Bow swung finds tongue to fling out broad its name;
Each mortal thing does one thing and the same:
Deals out that being indoors each one dwells;
Selves — goes itself; myself it speaks and spells,
Crying Whát I dó is me: for that I came.
I say móre: the just man justices;
Keeps grace: thát keeps all his goings graces;
Acts in God’s eye what in God’s eye he is —
Chríst — for Christ plays in ten thousand places,
Lovely in limbs, and lovely in eyes not his
To the Father through the features of men’s faces.

How often do we see the many faces of God before us?  This research fair was a great opportunity to see that God is at work on, through, with, and connecting many planes – whether directly or indirectly.  There is something about seeing God in all of our work – not just at church and or in Bible studies  – that breathes life into this faith we profess.  I can’t wait to see next semester’s unnatural list reveal even more.

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Meeting the Ugly Reality of Writing in Graduate School – and Beyond

Many graduate students step into the world of research because of a sincere interest in a topic and the belief that their work will forge new paths in their respective fields.   Though such a drive may prompt people to start the pursuit of a doctoral degree, it can often subvert the creation of that final piece of doctoral work – the dissertation.

When the ideal in our heads doesn’t readily make it to the sheet or screen it becomes easy to wait – wait until we’ve read one more article, talked to one more expert, put together one more outline.  But we eventually face the inevitable and must write something – and it never looks as good on paper as it does in our imagination.  So, we wait longer.  If we find the right process, everything will go smoothly.  Maybe it just needs a few more days, weeks, or months to age and then it will come out all right.  Like a perfect bottle of wine.

In her article in The Chronicle of Higher Education, Rachel Herrmann (My Terrible, Horrible, No Good, Very Bad Dissertation) brings us back to reality and the mess that research is.  She emphasizes that it’s much easier to edit a terrible dissertation than it is to edit a nonexistent perfect one.  Obvious, yes.  However, in the midst of wanting to develop that ideal dissertation it’s easy to forget and difficult to accept this common sense statement.  Meeting this reality brings students to a humbling awareness about academic work. Our best efforts many times begin with an ugly draft.  Yet, in the process of writing, and discussing with others, this ugliness is transformed.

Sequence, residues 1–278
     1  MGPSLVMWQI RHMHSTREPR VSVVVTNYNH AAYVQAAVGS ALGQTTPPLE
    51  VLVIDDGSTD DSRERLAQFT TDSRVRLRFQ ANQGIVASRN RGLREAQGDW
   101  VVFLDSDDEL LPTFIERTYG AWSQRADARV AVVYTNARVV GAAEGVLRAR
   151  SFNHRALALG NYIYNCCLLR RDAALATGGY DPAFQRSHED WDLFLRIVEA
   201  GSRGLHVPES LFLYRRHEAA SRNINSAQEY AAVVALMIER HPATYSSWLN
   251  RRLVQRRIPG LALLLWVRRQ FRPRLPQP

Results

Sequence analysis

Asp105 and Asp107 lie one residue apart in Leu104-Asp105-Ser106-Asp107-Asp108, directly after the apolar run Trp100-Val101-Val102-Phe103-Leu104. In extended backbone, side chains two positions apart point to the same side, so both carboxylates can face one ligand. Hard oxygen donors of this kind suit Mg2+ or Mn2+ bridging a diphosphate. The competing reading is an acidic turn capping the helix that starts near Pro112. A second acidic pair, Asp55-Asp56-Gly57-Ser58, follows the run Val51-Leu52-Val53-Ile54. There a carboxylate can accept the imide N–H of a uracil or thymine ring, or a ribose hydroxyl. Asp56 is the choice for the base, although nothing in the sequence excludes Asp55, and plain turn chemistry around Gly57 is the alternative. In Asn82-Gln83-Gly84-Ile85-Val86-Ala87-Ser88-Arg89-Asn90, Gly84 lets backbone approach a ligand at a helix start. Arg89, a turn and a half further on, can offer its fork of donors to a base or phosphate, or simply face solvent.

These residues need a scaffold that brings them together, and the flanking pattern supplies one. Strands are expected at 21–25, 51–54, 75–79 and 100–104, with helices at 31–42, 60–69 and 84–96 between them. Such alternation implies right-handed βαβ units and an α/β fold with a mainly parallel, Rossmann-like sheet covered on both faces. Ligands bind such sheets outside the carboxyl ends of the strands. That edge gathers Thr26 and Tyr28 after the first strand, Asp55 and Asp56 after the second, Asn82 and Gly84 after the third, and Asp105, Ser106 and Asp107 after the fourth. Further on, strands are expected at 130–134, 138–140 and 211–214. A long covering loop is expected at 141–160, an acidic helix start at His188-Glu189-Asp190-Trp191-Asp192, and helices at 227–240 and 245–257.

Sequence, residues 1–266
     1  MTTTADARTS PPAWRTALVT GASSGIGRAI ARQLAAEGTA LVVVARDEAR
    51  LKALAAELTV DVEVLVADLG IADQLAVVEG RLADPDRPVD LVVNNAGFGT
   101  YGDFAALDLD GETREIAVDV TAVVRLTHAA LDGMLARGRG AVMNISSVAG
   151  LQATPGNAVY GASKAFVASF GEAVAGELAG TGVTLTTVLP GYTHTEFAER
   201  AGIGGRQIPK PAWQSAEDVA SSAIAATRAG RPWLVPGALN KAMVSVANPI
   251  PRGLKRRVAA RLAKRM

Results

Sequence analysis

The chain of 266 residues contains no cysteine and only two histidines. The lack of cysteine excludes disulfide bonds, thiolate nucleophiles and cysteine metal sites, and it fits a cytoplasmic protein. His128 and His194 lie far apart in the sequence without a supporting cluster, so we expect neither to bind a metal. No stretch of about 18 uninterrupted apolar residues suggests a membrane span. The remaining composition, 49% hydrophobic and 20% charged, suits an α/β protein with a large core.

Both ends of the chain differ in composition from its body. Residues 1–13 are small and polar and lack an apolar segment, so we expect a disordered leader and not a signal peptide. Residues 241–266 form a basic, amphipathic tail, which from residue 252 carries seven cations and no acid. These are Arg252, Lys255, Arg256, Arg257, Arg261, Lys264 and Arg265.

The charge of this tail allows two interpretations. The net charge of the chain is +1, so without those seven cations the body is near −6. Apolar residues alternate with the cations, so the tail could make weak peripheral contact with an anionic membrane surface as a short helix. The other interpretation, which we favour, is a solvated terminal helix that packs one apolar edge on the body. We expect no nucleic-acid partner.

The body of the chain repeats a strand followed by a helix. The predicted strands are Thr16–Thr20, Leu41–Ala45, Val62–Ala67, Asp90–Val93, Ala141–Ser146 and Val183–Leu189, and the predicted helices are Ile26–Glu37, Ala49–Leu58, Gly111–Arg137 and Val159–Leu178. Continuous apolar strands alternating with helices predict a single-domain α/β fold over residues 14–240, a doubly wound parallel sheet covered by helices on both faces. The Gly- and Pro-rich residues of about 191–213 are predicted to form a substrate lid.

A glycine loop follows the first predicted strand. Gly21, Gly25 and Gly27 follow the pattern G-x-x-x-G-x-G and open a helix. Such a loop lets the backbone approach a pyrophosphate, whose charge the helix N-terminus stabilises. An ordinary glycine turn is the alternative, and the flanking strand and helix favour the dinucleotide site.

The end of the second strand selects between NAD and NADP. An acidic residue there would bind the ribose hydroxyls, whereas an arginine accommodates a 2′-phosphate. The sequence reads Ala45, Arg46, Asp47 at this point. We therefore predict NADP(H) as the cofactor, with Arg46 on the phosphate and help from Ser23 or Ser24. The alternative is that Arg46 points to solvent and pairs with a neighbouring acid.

In this journey we come to see that writing is not merely a means to share our well-defined ideas with others; the process of writing actually provides insight into the research itself.  Our initial efforts might include a series of outlines – maybe some in colored pencil or with a images drawn throughout – to help pull the pieces together.  They may include a bunch of free writes that explore ideas and questions we want to test.  Maybe some writings are responses to readings – not in a formal essay, but in the words of a casual conversation.  These meanderings eventually come together to take shape in  cohesive paragraphs, sections, and even chapters.

Maybe some people can accomplish such work in a more linear fashion (and several comments to the referenced article indicate this – just write, create an outline, etc.), but many students I encounter take the more round about way.  However, these writings are more than a means to get started.  Just like serendipitous side-trips on vacations, they can take us to places we would have never gone if we would have stayed on the original path – or followed the first outline.

My own experience of putting together a dissertation wasn’t very pretty most of the time. Spurts of writing here and there eventually came together – and then apart.  The disdain for sitting at a desk grew so severe at times that I had to leave, and almost trick myself into writing by doing so in parks, libraries, and museums.  At times I laid out the drafts on the floor, trying to determine a reasonable narrative to help explain the research on the pages and still in my head.  Then, as I was drafting yet a new version, insights emerged or questions arose.  Eventually it came together – and the side-trips often became the heart of the final product.

Now this formally ugly dissertation is starting a new journey into a book.  Again I’m fighting the desire to have a finished piece of writing immediately.  So, I’m doing a lot of waiting.  But Herrmann’s article encourages my post-dissertation self that it’s time to take these writings and start drafting a terrible, no good, horrible very bad book.  It’s time to go.

Categories: Writing | Tags: , , | Leave a comment